City Hall

Jackhammer Time: Dallas Might Allow Construction on Sundays

In Dallas, it can take up to 42 days to get a permit for building single-family developments.
In Dallas, it can take up to 42 days to get a permit for building single-family developments. Patrick Michels
On Sundays in Dallas, you shouldn’t hear the loud clanking of jackhammers, electric saws and welding machines sounding from nearby construction sites. That’s how the city code is written now, but that could change.

Today, construction is limited in Dallas to between 7 a.m. and 7 p.m. Monday through Friday, and from 8 a.m. until 7 p.m. on Saturdays. There are some exceptions, mostly for holidays and emergencies. Generally, though, Sunday is not one of those exceptions the city code allows.

But at Monday's Government Performance and Financial Management Committee meeting, City Council members discussed whether construction work should regularly be allowed throughout the weekends in Dallas.

City Council member Cara Mendelsohn, chair of the committee, said the topic came up while discussing upcoming work on DART’s Silver Line Regional Rail Project. In those meetings, Mendelsohn said, they were discussing construction work for the project that would have to take place over the weekend.

Some interpreted “weekends” as including Sunday. Others thought it only included Saturday, like the city code says.

To clear up the confusion and determine how the rest of the council feels about allowing construction work on Sundays, Mendelsohn brought it to the committee.

Although it’s not expressly permitted in the city code, the Dallas’ Department of Public Works said it does allow constructions on Sundays when it’s necessary.

"Time is money." – Adam Bazaldua, Dallas City Council

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For example, if a crew is called to do a street repair on Saturday that requires another day’s work, they might be authorized to finish on Sunday. This way, they don’t add traffic delays during rush hour the following Monday.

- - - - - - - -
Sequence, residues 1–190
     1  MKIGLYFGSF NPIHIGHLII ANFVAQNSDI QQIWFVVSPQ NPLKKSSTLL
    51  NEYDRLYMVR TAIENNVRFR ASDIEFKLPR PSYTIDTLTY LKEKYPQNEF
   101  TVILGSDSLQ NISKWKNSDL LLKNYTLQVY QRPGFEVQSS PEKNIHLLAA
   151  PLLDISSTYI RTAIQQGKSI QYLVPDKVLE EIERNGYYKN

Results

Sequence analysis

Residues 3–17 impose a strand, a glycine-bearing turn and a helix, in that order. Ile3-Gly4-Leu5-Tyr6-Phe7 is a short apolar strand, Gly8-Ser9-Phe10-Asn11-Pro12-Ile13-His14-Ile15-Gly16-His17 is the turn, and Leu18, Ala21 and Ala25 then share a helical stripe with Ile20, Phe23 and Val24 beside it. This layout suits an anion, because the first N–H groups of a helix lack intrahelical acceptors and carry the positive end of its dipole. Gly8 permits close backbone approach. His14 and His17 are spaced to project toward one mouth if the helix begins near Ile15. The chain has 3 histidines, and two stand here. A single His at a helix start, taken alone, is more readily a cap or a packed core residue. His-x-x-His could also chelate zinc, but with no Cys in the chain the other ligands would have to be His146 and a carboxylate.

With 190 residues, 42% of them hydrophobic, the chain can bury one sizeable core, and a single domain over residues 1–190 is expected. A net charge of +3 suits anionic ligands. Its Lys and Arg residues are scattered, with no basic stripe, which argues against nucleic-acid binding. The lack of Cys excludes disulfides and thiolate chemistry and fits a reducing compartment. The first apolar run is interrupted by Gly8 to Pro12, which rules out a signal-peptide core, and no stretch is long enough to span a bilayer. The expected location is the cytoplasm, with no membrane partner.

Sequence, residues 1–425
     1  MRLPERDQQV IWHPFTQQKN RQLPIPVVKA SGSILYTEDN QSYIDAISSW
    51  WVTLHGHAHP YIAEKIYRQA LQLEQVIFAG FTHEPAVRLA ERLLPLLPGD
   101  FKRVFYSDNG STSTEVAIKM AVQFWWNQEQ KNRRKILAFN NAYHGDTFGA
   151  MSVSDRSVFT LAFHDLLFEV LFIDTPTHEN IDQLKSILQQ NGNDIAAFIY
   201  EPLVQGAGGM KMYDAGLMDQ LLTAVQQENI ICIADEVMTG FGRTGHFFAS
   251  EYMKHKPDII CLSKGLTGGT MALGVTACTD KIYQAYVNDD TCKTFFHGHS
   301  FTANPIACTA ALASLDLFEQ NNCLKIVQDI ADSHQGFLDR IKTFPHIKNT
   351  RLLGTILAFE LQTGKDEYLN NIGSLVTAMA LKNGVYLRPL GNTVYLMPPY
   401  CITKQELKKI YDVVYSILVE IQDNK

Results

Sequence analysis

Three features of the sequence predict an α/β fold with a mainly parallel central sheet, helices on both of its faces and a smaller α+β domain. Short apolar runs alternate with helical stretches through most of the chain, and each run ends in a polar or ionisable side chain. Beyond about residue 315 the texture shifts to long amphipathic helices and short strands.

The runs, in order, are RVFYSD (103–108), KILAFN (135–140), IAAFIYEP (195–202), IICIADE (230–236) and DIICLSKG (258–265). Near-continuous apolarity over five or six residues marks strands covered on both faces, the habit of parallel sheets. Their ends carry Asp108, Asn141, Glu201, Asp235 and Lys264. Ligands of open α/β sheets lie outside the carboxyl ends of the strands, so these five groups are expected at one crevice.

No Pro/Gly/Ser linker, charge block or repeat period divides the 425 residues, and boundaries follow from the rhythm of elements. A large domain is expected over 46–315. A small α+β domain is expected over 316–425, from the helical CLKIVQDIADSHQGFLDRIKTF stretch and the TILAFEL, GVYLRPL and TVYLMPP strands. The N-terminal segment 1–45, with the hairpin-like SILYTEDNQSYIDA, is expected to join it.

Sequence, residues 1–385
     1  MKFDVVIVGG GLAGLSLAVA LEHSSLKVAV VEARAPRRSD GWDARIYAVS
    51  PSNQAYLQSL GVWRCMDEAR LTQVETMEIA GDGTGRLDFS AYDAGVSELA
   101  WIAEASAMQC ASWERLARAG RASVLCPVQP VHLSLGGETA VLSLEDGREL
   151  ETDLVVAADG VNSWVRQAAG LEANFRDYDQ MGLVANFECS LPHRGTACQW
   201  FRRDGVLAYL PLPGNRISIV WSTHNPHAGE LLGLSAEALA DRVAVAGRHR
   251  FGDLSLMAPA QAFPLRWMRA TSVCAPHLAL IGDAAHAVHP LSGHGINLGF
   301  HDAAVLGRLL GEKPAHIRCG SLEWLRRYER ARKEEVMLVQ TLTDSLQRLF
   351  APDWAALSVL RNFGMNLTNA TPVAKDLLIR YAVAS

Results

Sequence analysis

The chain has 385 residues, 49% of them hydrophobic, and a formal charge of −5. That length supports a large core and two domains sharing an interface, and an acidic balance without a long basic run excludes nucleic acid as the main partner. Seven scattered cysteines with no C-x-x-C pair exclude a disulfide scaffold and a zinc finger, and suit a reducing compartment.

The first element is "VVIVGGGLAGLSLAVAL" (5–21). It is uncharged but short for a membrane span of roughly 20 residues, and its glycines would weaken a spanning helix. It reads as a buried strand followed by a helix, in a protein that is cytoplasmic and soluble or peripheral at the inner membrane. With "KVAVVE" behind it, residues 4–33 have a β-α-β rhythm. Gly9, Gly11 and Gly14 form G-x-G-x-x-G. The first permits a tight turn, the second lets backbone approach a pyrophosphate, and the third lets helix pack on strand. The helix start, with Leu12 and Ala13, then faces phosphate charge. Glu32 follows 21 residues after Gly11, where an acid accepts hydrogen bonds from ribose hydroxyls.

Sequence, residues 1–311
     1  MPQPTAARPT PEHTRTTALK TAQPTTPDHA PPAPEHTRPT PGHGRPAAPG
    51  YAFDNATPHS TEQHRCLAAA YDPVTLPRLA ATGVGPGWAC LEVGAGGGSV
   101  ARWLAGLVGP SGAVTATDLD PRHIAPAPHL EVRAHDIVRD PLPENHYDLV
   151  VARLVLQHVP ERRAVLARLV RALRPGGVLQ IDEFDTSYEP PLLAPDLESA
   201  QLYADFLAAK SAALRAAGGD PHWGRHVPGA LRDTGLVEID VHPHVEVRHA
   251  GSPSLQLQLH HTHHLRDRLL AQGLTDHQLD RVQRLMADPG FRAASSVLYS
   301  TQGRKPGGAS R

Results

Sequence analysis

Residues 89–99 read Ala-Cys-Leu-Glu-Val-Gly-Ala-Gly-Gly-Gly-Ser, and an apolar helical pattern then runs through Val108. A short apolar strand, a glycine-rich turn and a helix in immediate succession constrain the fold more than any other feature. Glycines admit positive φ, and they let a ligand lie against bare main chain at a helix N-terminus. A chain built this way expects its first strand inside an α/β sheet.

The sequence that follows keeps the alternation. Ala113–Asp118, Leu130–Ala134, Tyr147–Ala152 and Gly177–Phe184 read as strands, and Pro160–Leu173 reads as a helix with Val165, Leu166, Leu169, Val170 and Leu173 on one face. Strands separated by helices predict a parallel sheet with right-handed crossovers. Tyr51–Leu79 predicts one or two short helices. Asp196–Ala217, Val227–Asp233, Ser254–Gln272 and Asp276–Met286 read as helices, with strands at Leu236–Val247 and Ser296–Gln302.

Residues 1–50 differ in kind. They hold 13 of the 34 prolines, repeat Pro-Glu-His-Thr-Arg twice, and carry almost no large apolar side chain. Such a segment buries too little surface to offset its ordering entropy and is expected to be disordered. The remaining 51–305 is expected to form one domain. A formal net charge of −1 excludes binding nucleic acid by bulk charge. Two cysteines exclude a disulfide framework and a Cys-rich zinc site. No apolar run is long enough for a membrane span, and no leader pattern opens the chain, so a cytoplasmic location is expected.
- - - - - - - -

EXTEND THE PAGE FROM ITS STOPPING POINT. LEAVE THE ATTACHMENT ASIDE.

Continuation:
The Department of Public Works said they have to use their discretion. “It’s more on a case-by-case basis,” a representative with the department said. “But that’s more of an exception, as opposed to the rule. The rule is what we mirror in [the city code]."

City Council member Gay Willis said she gets complaints from residents in her district about after-hours construction work. “While most people abide by the rules in District 13, we do have the occasional situations where some construction is taking place outside of that code, and believe me, I hear about it,” she said.

Willis said she might not have a problem with Sunday being an exception for some construction work, but making it the norm may be too big of a burden on residents.

Others were more open to the idea of allowing construction on Sundays, citing Dallas’ infrastructure and building delays. “I feel like if we’ve got an important public works project … if we need to use Sunday to do it, why wouldn’t we?” City Council member Chad West said.

Earlier in the meeting, the committee was also briefed on the city’s permitting process, which has led to building delays. “We are extremely behind on infrastructure,” City Council member Adam Bazaldua said. “Time is money.”

Bazaldua asked what reasons people had for opposing construction work on Sundays. Mendelsohn answered.

“I’ll give you two: one of them is that even God took a day of rest,” she said. “No. 2 is that people are experiencing, especially on a project like the Silver Line, construction literally from sun up at 7 a.m. Monday through Friday to 9 p.m. and then all day Saturday, and they deserve a day to be able to sleep in without pounding next to their house.”

City staff is collecting more information on allowing the work on Sundays to be discussed further in about a month.
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Jacob Vaughn, a former Brookhaven College journalism student, has written for the Observer since 2018, first as clubs editor. More recently, he's been in the news section as a staff writer covering City Hall, the Dallas Police Department and whatever else editors throw his way.
Contact: Jacob Vaughn